Living Portraits By Alexa Meade On Display 529 Fifth Avenue
The Fifth Avenue Portrait Collection, a massive public art exhibit by artist Alexa Meade, spanning 180 feet long, is now on display in the heart of New York City on Fifth Avenue and 44thStreet.
All 22 works of art in The Fifth Avenue Portrait Collection are by Alexa Meade, who paints directly on the faces and clothes of live models, creating the illusion that real humans are two-dimensional paintings on canvas. The colorful living portraits are larger that life, with many of them over 12’ tall.
The art is being exhibited on the outside of the building of the former Wonderland Dreams immersive exhibition. Every inch of the 26,000 square foot space was painted from floor to ceiling, using Alexa Meade’s signature style of art which lets you step inside of a painting. It took over 1,000 gallons of paint to transform the space, which was a former Best Buy. Over 100,000 people came to see the Wonderland Dreams exhibition during its year-long run.
Alexa Meade said, “Walking into an art gallery is intimidating for a lot of people, so I am bringing my art outside for people to be able to appreciate while walking down the street. Art is for everyone, and not just those who feel comfortable in galleries and museums.”
The photography in the collection was primarily captured by either Ruby June or Mike Monaghan.
The live models Alexa Meade painted include such high-profile New Yorkers as Tony Award-winning actor Brian Stokes Mitchell, Grammy Award-winning singer Walter Russell III, and Emmy Award-winning journalist Paul Wontorek. Additional Broadway actors painted in the collection include Nadia Brown, Julia Lester, Gus Birney, Jonalyn Saxer, and Matthew Sims Jr.
Alexa Meade painted numerous creative powerhouses for the series, including magician Zach King, writer Amber Ruffin, costume designer Emilio Sosa, producer Eva Price, dancer Melissa Becraft, and composer Helen Park. The models also include Ruby June, Richie Ridge, Keith Hurd, Adrian Richardson, and Shelli Lether.
The Fifth Avenue Portrait Collection is located at 529 5th Avenue steps away from Grand Central Station, Bryant Park, and the Museum of Modern Art.
Alexa Meade, paints on the human body and three-dimensional spaces, creating the illusion that our reality is a two-dimensional painting. As The New York Times describes Meade’s artwork, “Think of it as a Van Gogh — that is, if one of his paintings were brought to life as a performative protest.”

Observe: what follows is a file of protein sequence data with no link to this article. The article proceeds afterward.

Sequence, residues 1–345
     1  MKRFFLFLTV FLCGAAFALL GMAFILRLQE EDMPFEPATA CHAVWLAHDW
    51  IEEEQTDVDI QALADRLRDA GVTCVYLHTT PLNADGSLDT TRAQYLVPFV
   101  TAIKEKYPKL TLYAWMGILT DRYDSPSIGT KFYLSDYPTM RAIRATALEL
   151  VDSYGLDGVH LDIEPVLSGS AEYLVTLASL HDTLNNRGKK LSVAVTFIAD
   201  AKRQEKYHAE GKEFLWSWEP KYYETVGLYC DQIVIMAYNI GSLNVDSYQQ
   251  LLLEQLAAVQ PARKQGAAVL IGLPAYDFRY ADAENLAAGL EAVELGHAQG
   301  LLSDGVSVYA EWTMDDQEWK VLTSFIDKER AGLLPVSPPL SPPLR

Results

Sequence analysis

Meade’s art has been exhibited around the world at the Grand Palais in Paris, the Saatchi Gallery in London, the United Nations in New York, Shibuya Crossing in Tokyo, and Smithsonian National Portrait Gallery in Washington, DC. Her artwork has also been exhibited in space, orbiting the Earth on the history-making SpaceX Inspiration4 mission.
She has created interactive installations at Coachella, Cannes Lions, and Art Basel. Meade is widely known for painting on the body of Ariana Grande for her iconic “God is a Woman” music video, which has nearly 400 million views. Her solo show on Rodeo Drive in Beverly Hills was attended by forty-thousand people. With profound pop cultural relevance, Alexa’s art has been upvoted to the #1 position on the Front Page of Reddit. She has been commissioned by Apple, BMW, and Sony. In response to the Covid-19 pandemic, Alexa teamed up with LEGO as a Master Builder for their “Rebuild the World” campaign.
Collaborating with spacetime researchers, Alexa was the first ever Artist-in-Residence at the Perimeter Institute for Theoretical Physics. She has also been Artist-in-Residence at Google, where she worked alongside the engineers advancing Light Field imaging technology.
Meade and her groundbreaking work have been honored with the “Disruptive Innovation Award” from the Tribeca Film Festival. Respected for her thought leadership and non-traditional career path, she has lectured at TED, Stanford, and Princeton. Meade accepted an invitation to the White House under President Obama. Google Arts & Culture selected Alexa as the face of their “Faces of Frida” campaign, celebrating the legacy of Frida Kahlo and the female artists who are carrying it forward today. InStyle has named Alexa among their “Badass Women.”
Fashion Week at The Hudson Yards Where Art Was Skytop
From the fabulous photographer and artist Roger Sichel.
Guests enjoyed spectacular birds-eye panoramic views from every perspective, high above the bustle of Manhattan at 15 Hudson Yards 90th floor.
The party was curated by Eddy Bogaert and hosted by Rakesh Gupta.
There was art by Liam Duffy.
Photography from the wonderful Nancy Levier.
This was a night of art to celebrate.
Al Hirschfeld Foundation Launches New Partnership With City Winery